ATLANTIC CITY, N.J. — Two days before Christmas, Guy Bryant woke up in a friend’s timeshare with an exceptional view of the Atlantic Ocean. The frosty waves lapped the quiet beach, which stretched out for miles below.
The 64-year-old was on a rare vacation in Atlantic City, New Jersey, an afternoon's bus ride away from his home in Brooklyn, New York.
In the room next door, four young men in their teens and early 20s slept late. They were tired from the previous day’s Christmas shopping and sightseeing.
All four, like the dozens before them, are under Guy’s care. The self-proclaimed “foster forever dad” has been cooking, cleaning, mentoring, disciplining and serving as a father for nearly 60 young men in New York City’s foster care system.
Guy, who does not have any biological children, first became a foster father in 2007. Nearly every year since then, he’s housed at least one young man in his Brooklyn home. He’s had up to nine residents at one time.
But long before Guy opened his doors personally to any of these young men, he had already committed himself to helping struggling youth within New York’s network of social services.
His illustrious career as a social worker began when he was still in college. Guy was originally drawn to community service because of his upbringing.
“My family was very community involved, we opened the first day care center in our neighborhood, we ran the summer lunch program, we always took in people who had no where to stay,” Guy said.
He worked under many different titles within New York City’s Administration for Children's Services for years, placing children in foster care and managing group homes, but never fostering children himself.
Then, in 2007, one particular case stood out to him.
He was serving as a case worker for a young man with a number of complex behavioral issues. As a result, he wasn’t allowed near any other young people his age and had to be isolated with only staff members. No foster parents wanted to take him in.
Despite the young man’s situation, Guy found him to be bright and full of promise. The two got along well and developed a connection. Eventually, the teen asked if Guy would take him in.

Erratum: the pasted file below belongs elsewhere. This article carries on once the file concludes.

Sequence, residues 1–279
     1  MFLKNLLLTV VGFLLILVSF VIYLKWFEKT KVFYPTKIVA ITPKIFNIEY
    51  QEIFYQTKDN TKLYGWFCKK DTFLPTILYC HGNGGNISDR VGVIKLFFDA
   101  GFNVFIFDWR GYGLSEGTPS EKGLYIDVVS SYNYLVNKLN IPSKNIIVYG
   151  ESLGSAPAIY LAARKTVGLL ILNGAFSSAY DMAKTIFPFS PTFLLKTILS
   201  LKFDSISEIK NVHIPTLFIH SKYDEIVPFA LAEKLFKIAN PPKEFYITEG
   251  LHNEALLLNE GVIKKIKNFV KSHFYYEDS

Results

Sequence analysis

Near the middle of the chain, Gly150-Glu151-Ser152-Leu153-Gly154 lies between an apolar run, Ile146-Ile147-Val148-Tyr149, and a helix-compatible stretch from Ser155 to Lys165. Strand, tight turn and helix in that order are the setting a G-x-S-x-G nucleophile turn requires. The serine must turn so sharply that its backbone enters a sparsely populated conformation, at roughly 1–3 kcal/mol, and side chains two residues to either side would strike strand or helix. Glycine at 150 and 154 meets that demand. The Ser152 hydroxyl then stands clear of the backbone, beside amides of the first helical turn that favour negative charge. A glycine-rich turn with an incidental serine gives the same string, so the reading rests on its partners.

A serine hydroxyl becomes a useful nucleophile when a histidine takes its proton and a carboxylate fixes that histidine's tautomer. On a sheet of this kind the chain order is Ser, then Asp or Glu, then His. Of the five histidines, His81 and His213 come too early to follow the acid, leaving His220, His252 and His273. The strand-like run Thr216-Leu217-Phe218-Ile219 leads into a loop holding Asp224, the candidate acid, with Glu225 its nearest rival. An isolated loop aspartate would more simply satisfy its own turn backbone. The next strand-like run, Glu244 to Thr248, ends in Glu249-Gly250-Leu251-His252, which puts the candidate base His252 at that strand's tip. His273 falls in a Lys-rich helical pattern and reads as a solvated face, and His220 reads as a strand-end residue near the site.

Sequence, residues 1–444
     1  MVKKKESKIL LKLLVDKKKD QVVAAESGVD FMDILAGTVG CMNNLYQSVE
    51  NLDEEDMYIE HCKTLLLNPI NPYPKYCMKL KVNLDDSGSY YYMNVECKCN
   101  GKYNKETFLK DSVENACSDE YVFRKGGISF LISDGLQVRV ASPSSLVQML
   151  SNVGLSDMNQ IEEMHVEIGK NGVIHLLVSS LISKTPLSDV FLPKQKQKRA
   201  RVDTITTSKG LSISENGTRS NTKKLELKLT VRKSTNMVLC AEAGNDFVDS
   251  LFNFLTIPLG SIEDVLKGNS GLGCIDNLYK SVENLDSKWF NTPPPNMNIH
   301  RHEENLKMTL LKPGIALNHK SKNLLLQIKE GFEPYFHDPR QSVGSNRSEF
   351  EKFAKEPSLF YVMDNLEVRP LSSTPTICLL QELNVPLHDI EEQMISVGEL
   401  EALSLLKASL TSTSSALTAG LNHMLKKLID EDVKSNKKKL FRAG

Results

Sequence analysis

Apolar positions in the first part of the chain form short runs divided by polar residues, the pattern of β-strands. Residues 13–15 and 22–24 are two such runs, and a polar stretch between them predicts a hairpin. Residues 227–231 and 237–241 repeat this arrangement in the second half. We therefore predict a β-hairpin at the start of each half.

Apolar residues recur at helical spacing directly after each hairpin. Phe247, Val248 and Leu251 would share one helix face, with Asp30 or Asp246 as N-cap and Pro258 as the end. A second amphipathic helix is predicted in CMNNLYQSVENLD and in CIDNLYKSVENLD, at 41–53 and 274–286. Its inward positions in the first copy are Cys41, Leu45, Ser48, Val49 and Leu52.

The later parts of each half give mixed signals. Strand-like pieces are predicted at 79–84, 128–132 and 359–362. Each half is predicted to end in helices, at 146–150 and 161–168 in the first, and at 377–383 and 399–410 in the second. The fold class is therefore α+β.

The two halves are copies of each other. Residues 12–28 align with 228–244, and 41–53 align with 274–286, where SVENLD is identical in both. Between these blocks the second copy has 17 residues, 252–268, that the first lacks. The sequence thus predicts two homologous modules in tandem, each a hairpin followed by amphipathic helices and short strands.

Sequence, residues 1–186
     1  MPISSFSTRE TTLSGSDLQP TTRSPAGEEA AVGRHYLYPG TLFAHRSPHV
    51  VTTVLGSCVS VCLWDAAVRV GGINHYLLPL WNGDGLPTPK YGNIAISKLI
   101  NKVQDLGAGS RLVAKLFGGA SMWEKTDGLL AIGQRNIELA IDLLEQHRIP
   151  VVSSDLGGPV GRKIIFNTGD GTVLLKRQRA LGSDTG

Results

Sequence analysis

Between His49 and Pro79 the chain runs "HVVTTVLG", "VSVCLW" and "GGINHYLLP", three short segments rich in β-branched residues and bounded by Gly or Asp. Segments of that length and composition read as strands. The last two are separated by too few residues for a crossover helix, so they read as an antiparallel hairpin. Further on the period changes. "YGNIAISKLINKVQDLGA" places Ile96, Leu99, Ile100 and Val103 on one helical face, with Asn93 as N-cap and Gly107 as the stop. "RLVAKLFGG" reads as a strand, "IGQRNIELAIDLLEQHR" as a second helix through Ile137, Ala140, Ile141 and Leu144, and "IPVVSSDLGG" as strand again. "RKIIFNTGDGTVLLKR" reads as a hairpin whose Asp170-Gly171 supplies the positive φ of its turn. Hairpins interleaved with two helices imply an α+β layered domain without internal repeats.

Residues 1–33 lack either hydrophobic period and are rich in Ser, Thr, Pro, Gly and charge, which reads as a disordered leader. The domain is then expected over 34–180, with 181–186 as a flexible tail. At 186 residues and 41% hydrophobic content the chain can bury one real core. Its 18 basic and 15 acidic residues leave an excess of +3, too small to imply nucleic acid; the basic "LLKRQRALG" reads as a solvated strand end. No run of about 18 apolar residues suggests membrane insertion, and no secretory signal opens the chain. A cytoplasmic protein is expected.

After some thought, Guy agreed. After that, it didn’t take long for Guy’s household to grow, though that hadn't been his original intention. Many of his foster kids found him.
His first foster son asked if a friend could stay with them. Then a brother needed somewhere to go. Then another brother. With his caring heart, Guy could never say no.
As a result, his household ebbed and flowed over the years, once growing to nine young men at one time.
Guy's continued his revolving door of foster sons for more than 10 years. He estimates he’s had close to 60 in total, all in their late teens and early twenties.
It’s a challenging age group—it can be hard for these young men to find a foster family for older teens, and many try to live on their own instead, often ending up in shelters or on the streets.
In those ten years, he’s dealt with every facet of fatherhood: bad behavior, proud accomplishments, disappointments, profound connections and every lifelong memory in between.
He maintains a “tough love” approach and says he isn’t afraid to discipline his foster sons when they need it. But he also says it’s important to be cognizant of previous traumas; Many of his foster sons have lived through shocking hardships and neglect before they reached his home.
“Many of them came from horrendous situations where they were homeless, there was no food… we have kids who were physically abused. And the newest thing is trafficking,” he said.
Guy said it's important to earn their trust by showing he cares.
“I’ve always been very nurturing and I’m not ashamed of being nurturing or hugging my kids or being affectionate to them because that’s what they need. They look at it like, ‘Dang, this man really cares,’ and I do. I care about their well being,” he said.
He also takes his foster sons on annual vacations, like their Christmas trip to Atlantic City, as a way to bond and open their eyes to new experiences. And he always keeps his fridge stocked with food, something that means a lot to teens who have experienced hunger.
Twenty-one-year-old Romario Vassell has been living with Guy for about three years. He was living in a homeless shelter as a teen after his mother kicked him out of the house, he said.
“If it wasn’t for [Guy], I would probably be in the shelter or even worse,” Romario said.
“Life out there without a home was not for me… being out there in the real world was like a jungle… it would turn me different and I don’t want to become different,” he said.
With Guy’s support, Romario is set to graduate from high school and has aspirations to become an electrician and later attend Parsons School of Art and Design for fashion design.
“I call him ‘Pop,’ because he does everything as a father figure for me. If I need to talk to him about something, he’s there for me,” Romario said.
Guy is still in touch with many of the men who have since left his home. They've become his foster forever family.
"To watch somebody who you've helped and you've fostered to become a productive adult...they're forever," Guy said.